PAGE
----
(CBrief) – A report on Wednesday suggested that former President Barack Obama may be working to stab his vice president and current Oval Office occupant in the back, politically speaking.
Earlier this month, revelations surfaced that Obama was holding private meetings in Washington, D.C., to secretly rally Democratic congressional support to replace Joe Biden atop the party’s 2024 ticket, though he has publicly backed Biden for reelection.
Politico’s Jonathan Martin reported that Obama recently hosted a number of meetings with younger House Democrats, which were described as “informal, but lengthy” and which “took place over cheese and crackers in Obama’s Washington office.”
It’s not clear what was discussed, but it did appear to be low-profile, raising questions about why such a high-profile figure such as Obama would be getting involved. Also, according to RadarOnline.com, the meeting featured younger Democratic congressional leaders and former administration staffers at Obama’s DC office.
“Obama recognizes the gravity of the situation with Joe’s disappointing poll numbers,” said a Beltway insider. “He had hoped that the president would have rallied and come into his own at this point, but that clearly hasn’t happened.
“With 2024 growing closer and closer, he had to act since he apparently fears Joe is getting too old and frail to win,” the insider noted further.
Officially, the stated purpose of the closed-door meetings was for Obama to give advice, get to know the younger Democratic lawmakers, and reacquaint himself with what they were hearing in their home districts, a source snitched to GLOBE, which first reported details of the meeting.
All three members of the Democratic House leadership — Minority Leader Hakeem Jeffries, Whip Katherine Clark and Caucus Chairman Pete Aguilar — as well as rising party stars like Alexandria Ocasio-Cortez and Haley Stevens were reportedly at the get-togethers.
Sources said the meets were unprecedented for Obama — who has mostly kept a low profile since leaving the White House.
“Obama has been a reliable stump supporter for Democrats, but he’s been wary about stepping on Joe’s toes because of all the bad blood between them,” the Beltway insider noted further. “The fact that he held these meetings suggests a definite change for him.”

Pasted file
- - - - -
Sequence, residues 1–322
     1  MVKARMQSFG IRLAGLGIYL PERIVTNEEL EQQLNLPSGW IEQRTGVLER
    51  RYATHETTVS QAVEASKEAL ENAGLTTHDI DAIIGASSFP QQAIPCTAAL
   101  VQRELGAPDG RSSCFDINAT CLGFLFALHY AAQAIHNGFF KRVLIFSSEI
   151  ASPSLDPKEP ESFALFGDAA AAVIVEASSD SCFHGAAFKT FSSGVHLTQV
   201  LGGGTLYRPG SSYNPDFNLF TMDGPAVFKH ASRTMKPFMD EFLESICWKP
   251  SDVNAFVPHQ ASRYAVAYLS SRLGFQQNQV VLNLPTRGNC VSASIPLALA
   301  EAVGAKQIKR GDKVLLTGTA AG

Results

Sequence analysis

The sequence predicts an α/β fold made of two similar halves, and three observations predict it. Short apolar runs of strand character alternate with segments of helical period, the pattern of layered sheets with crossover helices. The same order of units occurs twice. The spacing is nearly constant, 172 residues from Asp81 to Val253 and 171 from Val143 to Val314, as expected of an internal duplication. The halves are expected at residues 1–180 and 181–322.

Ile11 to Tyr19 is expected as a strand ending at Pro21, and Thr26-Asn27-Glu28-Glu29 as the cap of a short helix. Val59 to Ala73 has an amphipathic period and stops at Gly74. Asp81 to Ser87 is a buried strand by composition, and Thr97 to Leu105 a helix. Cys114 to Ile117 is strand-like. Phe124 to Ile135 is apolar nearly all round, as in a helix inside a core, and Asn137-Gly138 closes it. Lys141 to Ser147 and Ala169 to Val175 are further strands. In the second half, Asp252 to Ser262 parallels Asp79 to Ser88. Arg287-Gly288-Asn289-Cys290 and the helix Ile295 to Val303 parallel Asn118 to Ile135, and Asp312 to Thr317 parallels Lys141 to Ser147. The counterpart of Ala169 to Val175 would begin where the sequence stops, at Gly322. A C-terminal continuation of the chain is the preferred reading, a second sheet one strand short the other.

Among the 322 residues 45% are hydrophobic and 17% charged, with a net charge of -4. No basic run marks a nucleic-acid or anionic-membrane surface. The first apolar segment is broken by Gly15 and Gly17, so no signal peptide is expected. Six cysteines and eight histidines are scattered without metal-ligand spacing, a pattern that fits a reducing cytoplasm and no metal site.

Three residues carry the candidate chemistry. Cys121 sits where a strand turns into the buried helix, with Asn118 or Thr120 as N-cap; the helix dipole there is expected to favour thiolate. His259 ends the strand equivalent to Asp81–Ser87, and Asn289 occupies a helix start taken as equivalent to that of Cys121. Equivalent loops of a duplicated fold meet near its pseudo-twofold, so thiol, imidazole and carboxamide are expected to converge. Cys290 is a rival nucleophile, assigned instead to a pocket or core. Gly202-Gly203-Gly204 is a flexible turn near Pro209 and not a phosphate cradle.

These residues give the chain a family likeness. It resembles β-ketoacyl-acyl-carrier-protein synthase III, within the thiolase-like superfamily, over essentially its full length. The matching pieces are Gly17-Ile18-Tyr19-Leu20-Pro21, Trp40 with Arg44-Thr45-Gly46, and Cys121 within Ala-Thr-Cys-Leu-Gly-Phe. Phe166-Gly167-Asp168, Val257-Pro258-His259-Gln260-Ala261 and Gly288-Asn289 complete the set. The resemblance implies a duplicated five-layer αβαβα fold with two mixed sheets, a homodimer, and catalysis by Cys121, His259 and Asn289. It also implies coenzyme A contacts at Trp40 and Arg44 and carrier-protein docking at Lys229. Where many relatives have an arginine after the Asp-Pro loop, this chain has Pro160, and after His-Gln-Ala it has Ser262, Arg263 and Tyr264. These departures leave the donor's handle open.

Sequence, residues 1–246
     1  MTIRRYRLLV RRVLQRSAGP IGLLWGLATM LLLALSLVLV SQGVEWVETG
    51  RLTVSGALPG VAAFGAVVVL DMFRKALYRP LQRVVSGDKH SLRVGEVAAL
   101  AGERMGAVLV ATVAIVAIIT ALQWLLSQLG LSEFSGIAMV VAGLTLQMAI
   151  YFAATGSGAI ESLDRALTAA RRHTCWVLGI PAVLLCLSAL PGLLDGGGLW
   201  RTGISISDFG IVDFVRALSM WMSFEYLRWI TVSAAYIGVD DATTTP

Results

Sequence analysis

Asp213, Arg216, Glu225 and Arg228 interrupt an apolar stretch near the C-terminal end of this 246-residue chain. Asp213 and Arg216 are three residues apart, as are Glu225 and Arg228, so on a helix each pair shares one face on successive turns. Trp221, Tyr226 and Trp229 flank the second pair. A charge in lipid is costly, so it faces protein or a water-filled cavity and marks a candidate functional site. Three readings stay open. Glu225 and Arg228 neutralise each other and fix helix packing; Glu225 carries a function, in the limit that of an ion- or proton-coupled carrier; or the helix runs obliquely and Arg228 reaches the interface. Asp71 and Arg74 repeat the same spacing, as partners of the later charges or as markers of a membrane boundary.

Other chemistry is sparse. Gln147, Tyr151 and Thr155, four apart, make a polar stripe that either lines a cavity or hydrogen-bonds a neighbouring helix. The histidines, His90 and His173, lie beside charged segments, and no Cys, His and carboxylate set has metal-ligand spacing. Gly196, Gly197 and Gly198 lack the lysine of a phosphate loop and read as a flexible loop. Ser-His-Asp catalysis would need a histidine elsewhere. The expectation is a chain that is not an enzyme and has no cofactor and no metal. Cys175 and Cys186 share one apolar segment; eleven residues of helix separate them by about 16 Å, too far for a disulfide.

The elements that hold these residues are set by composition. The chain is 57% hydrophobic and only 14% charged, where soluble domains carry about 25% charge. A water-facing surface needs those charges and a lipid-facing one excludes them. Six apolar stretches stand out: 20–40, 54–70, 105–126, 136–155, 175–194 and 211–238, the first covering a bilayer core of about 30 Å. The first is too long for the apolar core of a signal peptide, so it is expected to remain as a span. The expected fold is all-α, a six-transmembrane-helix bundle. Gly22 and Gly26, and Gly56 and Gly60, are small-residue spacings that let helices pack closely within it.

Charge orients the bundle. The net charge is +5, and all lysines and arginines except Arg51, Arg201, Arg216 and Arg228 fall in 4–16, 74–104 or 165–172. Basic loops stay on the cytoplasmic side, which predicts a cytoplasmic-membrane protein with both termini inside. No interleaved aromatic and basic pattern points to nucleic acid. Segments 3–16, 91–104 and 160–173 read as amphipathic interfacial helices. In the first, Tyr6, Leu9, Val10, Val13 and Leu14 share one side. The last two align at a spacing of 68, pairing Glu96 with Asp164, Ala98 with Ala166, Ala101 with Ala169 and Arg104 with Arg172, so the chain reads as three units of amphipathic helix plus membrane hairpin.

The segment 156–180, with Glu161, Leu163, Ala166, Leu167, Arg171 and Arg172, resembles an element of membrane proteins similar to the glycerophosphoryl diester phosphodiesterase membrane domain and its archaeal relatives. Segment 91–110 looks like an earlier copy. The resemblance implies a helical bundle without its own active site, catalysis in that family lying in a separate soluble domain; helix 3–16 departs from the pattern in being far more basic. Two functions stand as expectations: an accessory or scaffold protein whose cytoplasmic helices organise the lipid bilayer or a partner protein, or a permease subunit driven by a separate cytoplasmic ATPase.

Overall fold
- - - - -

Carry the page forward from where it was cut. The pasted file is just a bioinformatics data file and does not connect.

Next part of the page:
Sources added that Obama had betrayed Biden once before, backing his former secretary of state, Hillary Clinton, in 2016 over his vice president though Biden expressed an interest in running himself.
According to insiders, the relationship between the two individuals has deteriorated over time. Reports suggest that Obama has consistently overshadowed the president during their joint appearances, exacerbating the tensions.
Additionally, Biden declined to attend Obama’s extravagant 60th birthday celebration in Martha’s Vineyard, citing concerns about the COVID-19 pandemic at its peak.
“Obama’s scaled-down birthday bash was a black eye for the administration at a time when Joe was urging the public to take precautions,” said a source. “It made Democrats look hypocritical and elitist.”
In a Monday op-ed, the New York Post reminded readers that Obama, when speaking to another Democrat about Biden becoming the party’s 2020 nominee, remarked, “Don’t underestimate Joe’s ability to f–k things up.”
As for the meetings Obama held, Politico’s Martin noted, “The gatherings were Obama’s idea, I’m told, and were designed for the now-61-year-old former president to keep current with his party’s rising stars, more than six years after he left office. The sessions…are striking for a number of reasons.”
The former president was careful to avoid criticizing Biden with the lawmakers, only encouraging Democrats to be aggressive marketing their accomplishments. They should establish their own identity, he said, while allowing that the party’s fate in 2024 would be largely tied to Biden’s success.
Multiple attendees of the conversations told me it was never fully clear to them why Obama wanted to gather. The meetings were described to me as a mix of get-to-know-you chatter mixed with long-winded advice, talk of best practices, and curiosity about what the lawmakers were hearing at home.